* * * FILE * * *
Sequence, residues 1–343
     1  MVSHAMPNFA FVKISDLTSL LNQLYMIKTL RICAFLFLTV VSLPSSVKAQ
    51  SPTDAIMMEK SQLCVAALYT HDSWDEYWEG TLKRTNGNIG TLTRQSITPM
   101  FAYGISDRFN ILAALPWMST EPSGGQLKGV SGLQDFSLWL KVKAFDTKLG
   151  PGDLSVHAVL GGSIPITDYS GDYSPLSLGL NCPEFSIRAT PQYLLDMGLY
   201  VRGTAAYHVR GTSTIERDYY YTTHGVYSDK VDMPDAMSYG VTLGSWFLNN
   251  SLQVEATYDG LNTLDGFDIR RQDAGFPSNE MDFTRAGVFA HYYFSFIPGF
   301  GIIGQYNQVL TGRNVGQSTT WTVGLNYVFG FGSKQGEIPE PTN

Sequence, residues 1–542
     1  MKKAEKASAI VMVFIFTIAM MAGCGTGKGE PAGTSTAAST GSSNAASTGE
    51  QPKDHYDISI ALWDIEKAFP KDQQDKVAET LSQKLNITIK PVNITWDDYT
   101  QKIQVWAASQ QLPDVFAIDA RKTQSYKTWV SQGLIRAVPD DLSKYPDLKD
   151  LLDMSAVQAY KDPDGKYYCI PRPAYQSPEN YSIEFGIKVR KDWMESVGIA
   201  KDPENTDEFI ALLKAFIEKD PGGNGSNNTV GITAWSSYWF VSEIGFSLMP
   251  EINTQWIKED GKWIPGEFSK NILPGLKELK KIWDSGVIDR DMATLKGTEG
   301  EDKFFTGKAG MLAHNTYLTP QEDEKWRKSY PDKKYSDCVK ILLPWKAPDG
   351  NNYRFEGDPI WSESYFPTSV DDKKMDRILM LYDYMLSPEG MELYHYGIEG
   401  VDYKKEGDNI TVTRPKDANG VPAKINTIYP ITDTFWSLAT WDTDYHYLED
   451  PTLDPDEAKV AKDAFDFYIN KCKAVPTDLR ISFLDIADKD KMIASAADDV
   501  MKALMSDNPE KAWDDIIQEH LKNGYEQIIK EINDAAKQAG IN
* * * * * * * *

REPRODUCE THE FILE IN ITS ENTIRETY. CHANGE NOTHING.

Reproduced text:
Sequence, residues 1–343
     1  MVSHAMPNFA FVKISDLTSL LNQLYMIKTL RICAFLFLTV VSLPSSVKAQ
    51  SPTDAIMMEK SQLCVAALYT HDSWDEYWEG TLKRTNGNIG TLTRQSITPM
   101  FAYGISDRFN ILAALPWMST EPSGGQLKGV SGLQDFSLWL KVKAFDTKLG
   151  PGDLSVHAVL GGSIPITDYS GDYSPLSLGL NCPEFSIRAT PQYLLDMGLY
   201  VRGTAAYHVR GTSTIERDYY YTTHGVYSDK VDMPDAMSYG VTLGSWFLNN
   251  SLQVEATYDG LNTLDGFDIR RQDAGFPSNE MDFTRAGVFA HYYFSFIPGF
   301  GIIGQYNQVL TGRNVGQSTT WTVGLNYVFG FGSKQGEIPE PTN

Sequence, residues 1–542
     1  MKKAEKASAI VMVFIFTIAM MAGCGTGKGE PAGTSTAAST GSSNAASTGE
    51  QPKDHYDISI ALWDIEKAFP KDQQDKVAET LSQKLNITIK PVNITWDDYT
   101  QKIQVWAASQ QLPDVFAIDA RKTQSYKTWV SQGLIRAVPD DLSKYPDLKD
   151  LLDMSAVQAY KDPDGKYYCI PRPAYQSPEN YSIEFGIKVR KDWMESVGIA
   201  KDPENTDEFI ALLKAFIEKD PGGNGSNNTV GITAWSSYWF VSEIGFSLMP
   251  EINTQWIKED GKWIPGEFSK NILPGLKELK KIWDSGVIDR DMATLKGTEG
   301  EDKFFTGKAG MLAHNTYLTP QEDEKWRKSY PDKKYSDCVK ILLPWKAPDG
   351  NNYRFEGDPI WSESYFPTSV DDKKMDRILM LYDYMLSPEG MELYHYGIEG
   401  VDYKKEGDNI TVTRPKDANG VPAKINTIYP ITDTFWSLAT WDTDYHYLED
   451  PTLDPDEAKV AKDAFDFYIN KCKAVPTDLR ISFLDIADKD KMIASAADDV
   501  MKALMSDNPE KAWDDIIQEH LKNGYEQIIK EINDAAKQAG IN